Andrew Hill sings from the heart

Mallory Peterson

Andrew Hill sings from the heart | Mallory PetersonSenior Andrew Hill, a musician since age 7, a song writer since age 10, entertained Whitman students while performing at Coffeehouse in the Reid Center on Friday, Sep. 19. A past performer at Coffeehouse, Hill again relished in the supportive ambiance and expressive freedom it provided. Like other Whitman student musicians, Hill took full advantage of the opportunity to perform for his peers in an upbeat and relaxing environment.

Every song Hill performed was his own creation and reflective of his musical ingenuity. He enjoys explaining his honest opinion on poverty, racial inequality and the war through music. Hill’s voice and songs are entirely unique and expressive of his personal take on the world.

“I write mostly classic rock, but also what you would consider folk or pop. They usually deal with issues of social justice or love,” said Hill.

Hill described song-writing as a difficult process, one in which you need to be true to yourself. In the end, he finds it rewarding and worth encountering a little adversity.
As a child, “I was indoctrinated with rock and roll by my father,” said Hill.

Since Hill’s childhood, music has become a highly significant part of his life, considering that he taught himself to play the guitar.

“I have never taken any music classes at Whitman. I am in chorale, but that’s it. I have never even taken guitar lessons,” Hill said.

In addition to his parents, Bruce Springsteen and Neil Young have impacted Hill in monumental ways.

Hill once attended a Springsteen concert and described it as “a performance rather than a concert. Springsteen established a connection with his audience. The sense of energy he transmitted was so powerful and inspiring.”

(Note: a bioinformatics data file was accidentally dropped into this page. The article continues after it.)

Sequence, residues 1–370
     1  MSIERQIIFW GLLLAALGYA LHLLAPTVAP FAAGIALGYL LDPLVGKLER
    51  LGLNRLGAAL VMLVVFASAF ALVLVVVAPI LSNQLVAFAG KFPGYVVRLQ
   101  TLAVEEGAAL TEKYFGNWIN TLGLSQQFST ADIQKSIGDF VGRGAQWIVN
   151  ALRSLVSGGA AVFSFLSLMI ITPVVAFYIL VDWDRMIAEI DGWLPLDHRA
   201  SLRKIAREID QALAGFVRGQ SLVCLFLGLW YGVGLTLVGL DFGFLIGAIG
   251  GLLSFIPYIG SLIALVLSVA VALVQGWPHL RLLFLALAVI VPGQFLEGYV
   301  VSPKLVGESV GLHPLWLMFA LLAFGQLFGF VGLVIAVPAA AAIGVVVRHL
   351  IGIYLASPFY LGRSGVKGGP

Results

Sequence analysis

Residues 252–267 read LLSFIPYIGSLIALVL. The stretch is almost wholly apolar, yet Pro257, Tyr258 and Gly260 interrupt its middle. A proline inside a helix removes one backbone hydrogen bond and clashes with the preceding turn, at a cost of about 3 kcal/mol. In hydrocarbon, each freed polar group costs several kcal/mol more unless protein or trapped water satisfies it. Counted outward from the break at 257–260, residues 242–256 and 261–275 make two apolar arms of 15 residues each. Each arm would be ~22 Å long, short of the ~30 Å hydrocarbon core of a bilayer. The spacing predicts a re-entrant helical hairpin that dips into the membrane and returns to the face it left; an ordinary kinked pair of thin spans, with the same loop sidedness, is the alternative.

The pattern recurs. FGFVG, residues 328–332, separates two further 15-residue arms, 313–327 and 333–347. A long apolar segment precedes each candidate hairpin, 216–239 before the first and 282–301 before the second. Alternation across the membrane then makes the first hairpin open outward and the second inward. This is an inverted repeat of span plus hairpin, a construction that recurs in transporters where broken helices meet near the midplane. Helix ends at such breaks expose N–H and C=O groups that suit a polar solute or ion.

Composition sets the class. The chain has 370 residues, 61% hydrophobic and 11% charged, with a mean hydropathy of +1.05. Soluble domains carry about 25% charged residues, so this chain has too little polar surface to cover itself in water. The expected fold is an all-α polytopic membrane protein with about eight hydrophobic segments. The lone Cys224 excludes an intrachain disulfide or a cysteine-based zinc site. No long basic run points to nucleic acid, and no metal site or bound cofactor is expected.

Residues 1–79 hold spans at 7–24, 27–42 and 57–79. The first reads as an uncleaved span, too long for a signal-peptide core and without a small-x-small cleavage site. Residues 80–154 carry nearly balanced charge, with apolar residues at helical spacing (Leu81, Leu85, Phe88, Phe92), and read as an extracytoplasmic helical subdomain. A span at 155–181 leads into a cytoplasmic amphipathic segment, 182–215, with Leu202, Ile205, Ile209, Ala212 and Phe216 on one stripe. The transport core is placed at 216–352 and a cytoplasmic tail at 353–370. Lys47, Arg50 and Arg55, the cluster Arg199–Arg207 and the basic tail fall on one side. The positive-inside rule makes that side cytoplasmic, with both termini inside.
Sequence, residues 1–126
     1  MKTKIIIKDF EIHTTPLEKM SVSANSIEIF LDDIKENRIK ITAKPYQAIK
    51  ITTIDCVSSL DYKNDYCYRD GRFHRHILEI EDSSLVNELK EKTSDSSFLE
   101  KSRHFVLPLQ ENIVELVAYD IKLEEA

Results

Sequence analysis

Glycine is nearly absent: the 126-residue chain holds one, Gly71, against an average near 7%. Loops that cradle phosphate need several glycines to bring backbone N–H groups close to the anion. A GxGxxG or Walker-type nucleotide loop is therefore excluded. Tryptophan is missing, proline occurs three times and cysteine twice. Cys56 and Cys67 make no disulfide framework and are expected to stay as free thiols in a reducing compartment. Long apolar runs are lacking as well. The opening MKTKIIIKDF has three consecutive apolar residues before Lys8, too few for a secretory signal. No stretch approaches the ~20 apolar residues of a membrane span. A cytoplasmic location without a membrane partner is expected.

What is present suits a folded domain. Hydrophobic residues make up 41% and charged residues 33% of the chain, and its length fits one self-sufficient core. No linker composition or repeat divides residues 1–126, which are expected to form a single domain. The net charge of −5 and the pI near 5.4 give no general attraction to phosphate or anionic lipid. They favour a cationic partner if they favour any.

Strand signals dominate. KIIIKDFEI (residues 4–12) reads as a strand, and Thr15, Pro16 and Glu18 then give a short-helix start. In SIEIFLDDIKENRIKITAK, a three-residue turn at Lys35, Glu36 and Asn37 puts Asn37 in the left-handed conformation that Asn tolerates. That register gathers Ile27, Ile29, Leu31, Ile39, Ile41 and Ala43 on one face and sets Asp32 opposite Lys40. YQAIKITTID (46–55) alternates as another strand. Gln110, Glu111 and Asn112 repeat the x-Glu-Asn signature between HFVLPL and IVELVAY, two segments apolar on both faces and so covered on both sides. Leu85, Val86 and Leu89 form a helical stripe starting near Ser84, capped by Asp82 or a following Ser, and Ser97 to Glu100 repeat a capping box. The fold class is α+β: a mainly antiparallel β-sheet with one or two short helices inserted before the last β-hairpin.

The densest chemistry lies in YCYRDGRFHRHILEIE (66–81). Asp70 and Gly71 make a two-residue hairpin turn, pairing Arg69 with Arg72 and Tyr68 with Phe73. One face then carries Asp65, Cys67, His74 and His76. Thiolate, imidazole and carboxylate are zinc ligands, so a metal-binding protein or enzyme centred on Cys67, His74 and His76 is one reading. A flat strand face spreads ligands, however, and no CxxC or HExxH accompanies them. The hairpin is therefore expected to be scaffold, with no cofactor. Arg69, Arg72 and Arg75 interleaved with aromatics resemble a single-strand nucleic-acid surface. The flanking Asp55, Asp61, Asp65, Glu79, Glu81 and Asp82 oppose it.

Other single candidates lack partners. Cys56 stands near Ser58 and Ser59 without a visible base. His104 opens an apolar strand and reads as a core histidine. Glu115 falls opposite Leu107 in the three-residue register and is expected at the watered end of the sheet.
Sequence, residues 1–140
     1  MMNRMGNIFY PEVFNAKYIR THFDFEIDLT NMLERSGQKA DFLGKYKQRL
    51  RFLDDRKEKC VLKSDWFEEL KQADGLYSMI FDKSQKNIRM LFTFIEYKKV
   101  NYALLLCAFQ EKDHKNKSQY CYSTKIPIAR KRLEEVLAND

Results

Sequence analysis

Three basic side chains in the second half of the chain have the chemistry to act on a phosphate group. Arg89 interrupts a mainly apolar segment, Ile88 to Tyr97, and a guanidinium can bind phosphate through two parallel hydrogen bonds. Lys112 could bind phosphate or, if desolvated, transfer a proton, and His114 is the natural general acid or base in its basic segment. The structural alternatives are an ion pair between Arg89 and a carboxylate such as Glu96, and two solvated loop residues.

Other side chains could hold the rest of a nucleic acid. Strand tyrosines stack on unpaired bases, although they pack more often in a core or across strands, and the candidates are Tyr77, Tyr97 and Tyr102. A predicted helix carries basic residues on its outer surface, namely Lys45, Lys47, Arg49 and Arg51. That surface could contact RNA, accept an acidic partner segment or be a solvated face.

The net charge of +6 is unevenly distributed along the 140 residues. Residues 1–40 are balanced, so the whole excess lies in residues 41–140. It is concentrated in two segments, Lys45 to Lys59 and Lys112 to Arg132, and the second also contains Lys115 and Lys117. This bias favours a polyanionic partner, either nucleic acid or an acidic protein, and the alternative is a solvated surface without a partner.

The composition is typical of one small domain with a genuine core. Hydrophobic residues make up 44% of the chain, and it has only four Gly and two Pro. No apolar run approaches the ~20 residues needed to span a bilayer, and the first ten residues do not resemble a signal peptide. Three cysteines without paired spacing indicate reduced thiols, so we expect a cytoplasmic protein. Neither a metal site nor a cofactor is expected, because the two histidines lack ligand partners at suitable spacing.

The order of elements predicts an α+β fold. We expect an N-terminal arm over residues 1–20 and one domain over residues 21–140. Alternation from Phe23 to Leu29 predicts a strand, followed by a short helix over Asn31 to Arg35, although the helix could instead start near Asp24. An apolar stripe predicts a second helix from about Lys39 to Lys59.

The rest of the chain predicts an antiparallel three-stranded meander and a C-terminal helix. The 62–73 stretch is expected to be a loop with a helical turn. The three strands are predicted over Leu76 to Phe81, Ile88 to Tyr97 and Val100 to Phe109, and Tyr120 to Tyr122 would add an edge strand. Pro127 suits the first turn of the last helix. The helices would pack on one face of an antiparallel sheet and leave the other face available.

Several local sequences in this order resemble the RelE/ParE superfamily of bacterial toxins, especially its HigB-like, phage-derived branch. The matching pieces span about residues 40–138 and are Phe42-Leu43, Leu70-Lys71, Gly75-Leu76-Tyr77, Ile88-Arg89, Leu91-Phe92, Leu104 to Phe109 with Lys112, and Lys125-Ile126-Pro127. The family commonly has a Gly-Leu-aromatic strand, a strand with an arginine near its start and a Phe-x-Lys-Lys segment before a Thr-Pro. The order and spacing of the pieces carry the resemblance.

However, unlike these celebrities, Hill does not own the latest model or most expensive electric guitar in existence.

He possesses quite the opposite: “It’s an old model I picked up at a pawn shop called a Vesper. It’s not well-known, but it works. I have had it for a long time.”

Hill’s instrument may not be the most modern, but it proves he can play on just about anything.

The effect on the audience was indubitable.

Audience member Emily Kitzman said, “His songs covered a wide variety of world issues and human emotions”.

First-year Monica Paulson said, “It was obvious that he is passionate about the subject of his songs.”

After graduating from Whitman College this spring, Hill plans to attend graduate school to study French. He has no concrete plans to study music; however, he will definitely continue playing the guitar.

“It will be a study break and a life break,” Hill said.

A true rock and roll aficionado, Hill transcends all conceivable limitations, writing songs from the heart and spreading the ideals of understanding, love, and equality through a medium everyone can appreciate – music.